World Stage: Bascue races Sunday in Austria in first-ever Winter Youth Olympics

C odie Bascue’s bobsled career reaches a major milestone this Sunday, and he’s hoping it will help him take one more step toward his dream of representing the United States in the 2018 Winter Olympics in South Korea.

Sunday, the 17-year-old from Whitehall will step to the starting line at the top of the Olympic Sliding Centre Innsbruck where he will represent the United States at the inaugural Youth Olympic Games, which are being held until Jan. 22 in Innsbruck, Austria.

At his back are years of determined hard work. In front of him will be 1,506 meters of icy drops, banks and turns; and an opportunity to fulfill his dream of earning an Olympic gold medal in bobsledding.

“It’s going to be crazy (walking into the Opening Ceremonies under the American Flag). I don’t know how it’s going to feel. It’s going to be unlike anything I’ve felt before,” Bascue said during a spaghetti dinner fundraiser held at the Elks Lodge earlier this month.

More than 1,000 athletes ages 14 to 18 representing over 60 nations, including about 40 from the United States, will compete in the games.

A senior at Whitehall High School and standout athlete on the football and baseball teams, Bascue has been bobsledding since he was introduced to the sport by his grandfather, Alan, a former push athlete, when he was eight years old.

At  13, Bascue began piloting adult sleds and last year began competing on the America’s Cup Tour, finishing eighth overall in the series as a two-man driver, and 11th overall in the world as a junior.

Competing in the Youth Olympic Games has been one of Bascue’s goals since he learned he was eligible for the event, and he’s spent the last year working toward that goal.

Last month the U.S. Bobsled and Skeleton Federation announced that Bascue and brakeman Jake Peterson of Princeton, Minn. would be the lone American bobsledding team competing in the youth games.

They qualified for the games after sweeping the men’s qualification races which were held in Park City, Utah and Calgary in November, earning gold medals in all four races.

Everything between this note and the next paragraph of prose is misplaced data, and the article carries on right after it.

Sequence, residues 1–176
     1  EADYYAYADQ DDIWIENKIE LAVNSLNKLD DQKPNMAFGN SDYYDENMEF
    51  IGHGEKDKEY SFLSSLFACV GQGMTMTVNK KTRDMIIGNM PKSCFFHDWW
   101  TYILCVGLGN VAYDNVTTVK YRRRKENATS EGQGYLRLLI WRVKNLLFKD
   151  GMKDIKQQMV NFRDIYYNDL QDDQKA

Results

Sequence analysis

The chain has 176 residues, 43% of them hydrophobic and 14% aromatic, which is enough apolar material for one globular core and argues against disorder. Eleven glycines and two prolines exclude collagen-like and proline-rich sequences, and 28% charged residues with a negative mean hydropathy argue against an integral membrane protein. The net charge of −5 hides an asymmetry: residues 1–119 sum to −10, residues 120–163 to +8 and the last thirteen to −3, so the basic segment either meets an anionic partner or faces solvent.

But Sunday’s event will feature seven teams that Bascue and Peterson have not seen, including Germany and Austria, both of whom are considered gold medal threats and who have traditionally dominated the sport.

“It’s the toughest competition we’ve seen. The Germans have a very good coach and they and Austria will have the track advantage,” said Bascue.

Optimism is high for the duo. According to Amanda Bird, Marketing and Communications Manager for the USA Bobsled and Skeleton Federation, Bascue and Peterson are a strong threat to stand on the podium on Sunday.

Bascue said past Olympians, including his coach and teammates father, Darin Peterson, have been giving the duo advice on how to deal with the stress of such a large competition.

“The U.S. Olympic Committee won’t stop talking about our chances for gold. I think it’s possible if we can maintain our push, drive well and deal with the atmosphere. There are going to be a ton of people there-more than the any event we’ve competed in-and it’s going to be extremely loud. We’re going to have to block that out and focus on our specific duties.

I’m hoping to place. If I get gold, I’ll be ecstatic, but I want to be on the podium no matter what.”

The track at the Olympic Sliding Centre Innsbruck, located at the foot of Patscherkofel Mountain in the village of Igls, Austria, isn’t completely unfamiliar to Bascue.

He slid on the track for a week and a half last year and will have made nearly eight practice runs on the track by the time of Sunday’s race.

“It’s slower than most tracks in North America, but more technical. A lot depends on the push and finding speed where you can,” Bascue said.

If the race comes down to a good push, it could play right into the hands of Bascue and Peterson, who are both former football players and set a new youth race push record earlier this season in Park City and Calgary.

Bascue will also be buoyed by his family, who have joined him in Austria and will be rooting him on.

Regardless of how he performs this weekend, Bascue will have little time to savior the experience.

Following the Youth Olympics, he’ll remain in Austria for the Jr. World Championships and won’t return stateside until the end of the month.

In February he’ll be a fore-runner at the World Championships, testing the track in Lake Placid before some the best competitors in the world take their runs.

“It’s quite an honor; only two people get to do it. I’m looking forward to it,” Bascue said.

He’ll finish the season competing in the America’s Cup final in Lake Placid and he’s hoping to get some more time in a four-man sled, which he said opens more doors in the sport.

Bascue said he plans to eventually enter the National Guard and enroll in the World Class Athlete Program as he pursues his ultimate goal of competing in the 2018 Winter Games.

“That’s my big goal,” he said.

The Youth Olympic Games are not expected to be televised locally, but fans and friends can catch highlights of the action on











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